Sheepshead or Sheephead is a trick-taking card game
Trick-taking game
A trick-taking game is a card game or tile-based game in which play centers on a series of finite rounds or units of play, called tricks. The object of such games then may be closely tied to the number of tricks taken, as in plain-trick games such as Whist, Contract Bridge, Napoleon, Rowboat, and...

 related to the Skat family of games. It is the Americanized version of a card game that originated in Central Europe in the late 18th century under the German name Schafkopf
Schafkopf, also called Schaffkopf, is a late 18th century German trick-taking card game most popular in Bavaria, but also played in other parts of Germany as well as other German-speaking countries like Austria. Its modern descendants are Doppelkopf, Skat and the North American game of Sheepshead...

. Although Schafkopf literally means "sheepshead", it has nothing to do with sheep. The term probably was derived and translated incorrectly from Middle High German
Middle High German
Middle High German , abbreviated MHG , is the term used for the period in the history of the German language between 1050 and 1350. It is preceded by Old High German and followed by Early New High German...

 and referred to playing cards on a barrel head (from kopf, meaning head, and Schaff, meaning a barrel). In the United States, Sheepshead is most commonly played in Wisconsin
Wisconsin is a U.S. state located in the north-central United States and is part of the Midwest. It is bordered by Minnesota to the west, Iowa to the southwest, Illinois to the south, Lake Michigan to the east, Michigan to the northeast, and Lake Superior to the north. Wisconsin's capital is...

,, which has a large German-American population, and at Yahoo games on the Internet. There are numerous tournaments throughout Wisconsin during the year, with the largest tournament being the "Nationals", held annually at a location in Wisconsin during the first or second weekend in November, and mini-tournaments held hourly throughout Germanfest in Milwaukee during the last weekend of each July. Although the silent-s pronunciation 'sheephead' is technically more accurate, 'sheepshead' is an accepted, but laughable, alternative.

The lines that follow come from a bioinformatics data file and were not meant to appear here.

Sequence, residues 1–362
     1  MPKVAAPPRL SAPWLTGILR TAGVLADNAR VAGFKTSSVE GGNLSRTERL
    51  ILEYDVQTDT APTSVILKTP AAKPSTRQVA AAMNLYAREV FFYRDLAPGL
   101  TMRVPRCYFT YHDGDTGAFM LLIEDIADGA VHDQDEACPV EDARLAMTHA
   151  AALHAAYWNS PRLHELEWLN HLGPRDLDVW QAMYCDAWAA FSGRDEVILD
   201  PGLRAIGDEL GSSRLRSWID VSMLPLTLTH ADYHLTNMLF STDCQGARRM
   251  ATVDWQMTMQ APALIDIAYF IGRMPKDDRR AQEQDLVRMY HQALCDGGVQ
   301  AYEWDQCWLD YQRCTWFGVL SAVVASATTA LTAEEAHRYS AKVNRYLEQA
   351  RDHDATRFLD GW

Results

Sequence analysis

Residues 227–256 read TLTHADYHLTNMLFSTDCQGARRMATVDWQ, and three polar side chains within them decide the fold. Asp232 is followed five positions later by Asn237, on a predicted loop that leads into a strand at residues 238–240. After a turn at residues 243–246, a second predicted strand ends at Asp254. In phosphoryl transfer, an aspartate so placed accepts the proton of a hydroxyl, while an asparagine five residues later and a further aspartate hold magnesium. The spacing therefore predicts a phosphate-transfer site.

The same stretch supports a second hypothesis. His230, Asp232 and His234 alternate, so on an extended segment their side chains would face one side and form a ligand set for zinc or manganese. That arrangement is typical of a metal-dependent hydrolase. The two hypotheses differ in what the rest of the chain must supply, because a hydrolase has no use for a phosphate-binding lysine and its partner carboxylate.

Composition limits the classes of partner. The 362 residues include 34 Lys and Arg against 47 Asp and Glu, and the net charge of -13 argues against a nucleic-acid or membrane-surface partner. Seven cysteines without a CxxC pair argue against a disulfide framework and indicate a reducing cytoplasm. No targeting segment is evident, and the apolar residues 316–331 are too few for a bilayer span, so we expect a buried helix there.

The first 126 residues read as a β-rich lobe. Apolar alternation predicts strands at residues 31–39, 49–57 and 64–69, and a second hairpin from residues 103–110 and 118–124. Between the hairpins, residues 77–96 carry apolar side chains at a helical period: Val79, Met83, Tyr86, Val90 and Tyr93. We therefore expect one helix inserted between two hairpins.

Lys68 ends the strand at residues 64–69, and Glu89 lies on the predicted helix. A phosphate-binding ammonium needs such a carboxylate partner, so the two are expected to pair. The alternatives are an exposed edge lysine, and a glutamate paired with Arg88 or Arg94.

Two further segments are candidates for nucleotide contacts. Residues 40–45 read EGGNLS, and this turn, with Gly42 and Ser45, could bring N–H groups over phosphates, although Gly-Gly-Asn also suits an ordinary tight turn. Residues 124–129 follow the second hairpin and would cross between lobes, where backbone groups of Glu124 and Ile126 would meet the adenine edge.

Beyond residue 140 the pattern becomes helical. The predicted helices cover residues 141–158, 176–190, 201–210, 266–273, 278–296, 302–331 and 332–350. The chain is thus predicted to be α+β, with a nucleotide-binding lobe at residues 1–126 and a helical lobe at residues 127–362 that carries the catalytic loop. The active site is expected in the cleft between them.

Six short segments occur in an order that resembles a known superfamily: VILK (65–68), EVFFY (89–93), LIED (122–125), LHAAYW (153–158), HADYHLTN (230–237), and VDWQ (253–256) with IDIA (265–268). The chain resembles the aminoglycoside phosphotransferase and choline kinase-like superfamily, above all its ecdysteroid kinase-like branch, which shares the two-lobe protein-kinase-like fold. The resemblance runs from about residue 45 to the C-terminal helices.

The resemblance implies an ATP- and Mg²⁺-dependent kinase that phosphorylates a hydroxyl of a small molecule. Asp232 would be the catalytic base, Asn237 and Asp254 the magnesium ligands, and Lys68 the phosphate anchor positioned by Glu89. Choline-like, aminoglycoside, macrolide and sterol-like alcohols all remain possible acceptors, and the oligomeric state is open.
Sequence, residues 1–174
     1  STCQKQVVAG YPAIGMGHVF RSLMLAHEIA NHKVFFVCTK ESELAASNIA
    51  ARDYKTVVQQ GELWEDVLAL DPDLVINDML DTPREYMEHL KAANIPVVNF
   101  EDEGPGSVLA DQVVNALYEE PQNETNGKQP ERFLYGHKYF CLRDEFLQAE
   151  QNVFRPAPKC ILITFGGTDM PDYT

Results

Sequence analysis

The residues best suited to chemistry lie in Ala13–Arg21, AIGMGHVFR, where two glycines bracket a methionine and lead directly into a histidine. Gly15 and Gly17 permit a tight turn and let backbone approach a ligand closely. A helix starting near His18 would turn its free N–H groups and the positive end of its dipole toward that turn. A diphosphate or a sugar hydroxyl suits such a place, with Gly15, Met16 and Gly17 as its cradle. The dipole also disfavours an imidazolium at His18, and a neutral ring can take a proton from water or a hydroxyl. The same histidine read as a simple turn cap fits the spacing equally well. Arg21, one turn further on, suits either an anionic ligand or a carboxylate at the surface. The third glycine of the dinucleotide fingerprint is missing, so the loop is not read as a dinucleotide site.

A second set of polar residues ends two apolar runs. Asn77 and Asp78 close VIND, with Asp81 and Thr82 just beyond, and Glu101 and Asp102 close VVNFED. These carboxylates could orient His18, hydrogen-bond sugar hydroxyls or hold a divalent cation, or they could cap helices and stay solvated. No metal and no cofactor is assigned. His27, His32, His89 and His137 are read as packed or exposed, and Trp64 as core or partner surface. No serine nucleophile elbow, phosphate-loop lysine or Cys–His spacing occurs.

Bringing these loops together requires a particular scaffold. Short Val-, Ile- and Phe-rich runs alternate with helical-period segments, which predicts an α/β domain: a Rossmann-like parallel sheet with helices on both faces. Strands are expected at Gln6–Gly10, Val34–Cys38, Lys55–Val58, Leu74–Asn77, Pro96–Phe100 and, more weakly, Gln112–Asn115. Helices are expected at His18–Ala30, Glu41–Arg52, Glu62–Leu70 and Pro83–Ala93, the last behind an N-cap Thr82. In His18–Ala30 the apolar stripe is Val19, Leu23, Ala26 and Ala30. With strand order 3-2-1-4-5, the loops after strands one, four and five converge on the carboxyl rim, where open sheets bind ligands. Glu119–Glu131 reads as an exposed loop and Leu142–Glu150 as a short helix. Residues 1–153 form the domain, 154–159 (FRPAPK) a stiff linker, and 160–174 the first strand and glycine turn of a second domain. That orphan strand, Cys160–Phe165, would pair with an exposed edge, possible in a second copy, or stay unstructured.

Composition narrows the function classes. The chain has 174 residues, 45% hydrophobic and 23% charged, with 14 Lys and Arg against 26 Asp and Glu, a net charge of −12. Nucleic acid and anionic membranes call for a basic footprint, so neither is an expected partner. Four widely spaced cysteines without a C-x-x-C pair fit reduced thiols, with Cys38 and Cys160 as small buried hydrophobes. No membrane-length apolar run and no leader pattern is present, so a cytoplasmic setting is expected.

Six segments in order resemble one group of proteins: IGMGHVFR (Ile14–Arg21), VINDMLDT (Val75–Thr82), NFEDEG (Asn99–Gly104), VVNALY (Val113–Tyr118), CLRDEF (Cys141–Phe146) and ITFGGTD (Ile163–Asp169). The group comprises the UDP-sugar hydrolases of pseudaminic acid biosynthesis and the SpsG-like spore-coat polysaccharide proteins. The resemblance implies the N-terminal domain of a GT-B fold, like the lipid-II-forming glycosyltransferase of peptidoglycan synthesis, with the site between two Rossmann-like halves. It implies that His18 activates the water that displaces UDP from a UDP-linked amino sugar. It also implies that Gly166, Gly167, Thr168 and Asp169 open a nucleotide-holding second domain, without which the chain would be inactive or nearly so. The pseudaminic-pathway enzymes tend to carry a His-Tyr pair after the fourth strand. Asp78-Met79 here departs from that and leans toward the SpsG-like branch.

Sheepshead is most commonly played by five players, but variants exist to allow for two to eight players. The six-player version, notably, consists of one player dealing to five others. The dealer sits out for that round, but the position rotates among the players.


Sheepshead is played with 7-8-9-10-J-Q-K-A in four suits, for a total of 32 cards. This is also known as a Piquet deck, as opposed to the 52 or 54 present in a full French deck (also known as a Poker
Poker is a family of card games that share betting rules and usually hand rankings. Poker games differ in how the cards are dealt, how hands may be formed, whether the high or low hand wins the pot in a showdown , limits on bet sizes, and how many rounds of betting are allowed.In most modern poker...

 deck, or a regular deck of playing cards). A Sheepshead deck is made by removing all of the jokers, sixes, fives, fours, threes, and twos from a standard deck.

Card strength

Card strength in Sheepshead is unique and one of the most difficult things for some beginners to grasp.

There are 14 cards in the trump suit: all four Queens, all four Jacks, and all of the Diamonds. In order of strength from greatest to least:
  • Q♣ Q♠ Q♥ Q♦
  • J♣ J♠ J♥ J♦
  • A♦ 10♦ K♦ 9♦ 8♦ 7♦

Also, there are 6 of each "fail" suit (18 total).
  • A, 10, K, 9, 8, and 7 of ♣, ♠, and

Clubs, Spades, and Hearts take no precedence over other fail suits, unlike trump, which always take fail. (Notice how both aces and tens outrank kings; arguably the most confusing aspect of card strength). The lead suit must be followed if possible; if not, then any card may be played such as trump (which will take the trick), or a fail card. Playing a fail of a different suit is called "throwing off" and can be a way to clear up another suit. Additionally, throwing off a point card is called "schmearing".

Card point values

Each card is given a separate point value as follows:
  • Queen—3 points
  • Jack—2 points
  • Ace—11 points
  • Ten—10 points
  • King—4 points
  • 9, 8, 7—0 points

The strongest cards (Queens and Jacks) are not worth the most points, giving Sheepshead some of its unique character.

There are 120 points total in the deck. The goal of the game is to get half of these (60 or 61); in case of a tie, the opponents win.

Keeping score

Score is kept using points (not to be confused with the point values of the cards) or using money. Points are given/taken on a zero-sum
In game theory and economic theory, a zero-sum game is a mathematical representation of a situation in which a participant's gain of utility is exactly balanced by the losses of the utility of other participant. If the total gains of the participants are added up, and the total losses are...